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The Chronicles of Clovis
by Saki
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"Oh, lovely stripling, radiant as the dawn," were transposed into:

"Oh, Clytemnestra, radiant as the dawn," but there was a dangerous glitter in his eye that might have given the Baroness warning. He had composed the verse himself, inspired and thoroughly carried away by his subject; he suffered, therefore, a double pang in beholding his tribute deflected from its destined object, and his words mutilated and twisted into what became an extravagant panegyric on the Baroness's personal charms. It was from this moment that he became gentle and assiduous in his private coaching of Cassandra.

The County, forgetting its dissensions, mustered in full strength to witness the much-talked-of production. The protective Providence that looks after little children and amateur theatricals made good its traditional promise that everything should be right on the night. The Baroness and Clovis seemed to have sunk their mutual differences, and between them dominated the scene to the partial eclipse of all the other characters, who, for the most part, seemed well content to remain in the shadow. Even Agamemnon, with ten years of strenuous life around Troy standing to his credit, appeared to be an unobtrusive personality compared with his flamboyant charioteer. But the moment came for Cassandra (who had been excused from any very definite outpourings during rehearsals) to support her role by delivering herself of a few well-chosen anticipations of pending misfortune. The musicians obliged with appropriately lugubrious wailings and thumpings, and the Baroness seized the opportunity to make a dash to the dressing-room to effect certain repairs in her make-up. Cassandra, nervous but resolute, came down to the footlights and, like one repeating a carefully learned lesson, flung her remarks straight at the audience:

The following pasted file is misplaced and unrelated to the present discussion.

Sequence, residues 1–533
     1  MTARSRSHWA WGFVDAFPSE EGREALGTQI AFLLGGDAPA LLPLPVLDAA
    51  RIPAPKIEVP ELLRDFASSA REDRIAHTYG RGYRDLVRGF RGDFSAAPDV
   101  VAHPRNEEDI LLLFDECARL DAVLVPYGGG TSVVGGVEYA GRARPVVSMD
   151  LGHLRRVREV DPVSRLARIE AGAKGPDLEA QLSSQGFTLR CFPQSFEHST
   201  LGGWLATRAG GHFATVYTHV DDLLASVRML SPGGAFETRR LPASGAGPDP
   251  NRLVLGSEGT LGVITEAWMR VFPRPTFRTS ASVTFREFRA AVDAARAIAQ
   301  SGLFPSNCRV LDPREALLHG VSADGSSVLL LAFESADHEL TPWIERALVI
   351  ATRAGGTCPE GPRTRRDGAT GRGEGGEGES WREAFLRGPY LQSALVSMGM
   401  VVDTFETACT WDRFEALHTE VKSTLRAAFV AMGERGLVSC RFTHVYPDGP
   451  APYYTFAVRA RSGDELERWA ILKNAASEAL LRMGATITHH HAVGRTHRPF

"I see woe for this fair country if the brood of corrupt, self-seeking, unscrupulous, unprincipled politicians" (here she named one of the two rival parties in the State) "continue to infest and poison our local councils and undermine our Parliamentary representation; if they continue to snatch votes by nefarious and discreditable means—"

A humming as of a great hive of bewildered and affronted bees drowned her further remarks and wore down the droning of the musicians. The Baroness, who should have been greeted on her return to the stage with the pleasing invocation, "Oh, Clytemnestra, radiant as the dawn," heard instead the imperious voice of Lady Thistledale ordering her carriage, and something like a storm of open discord going on at the back of the room.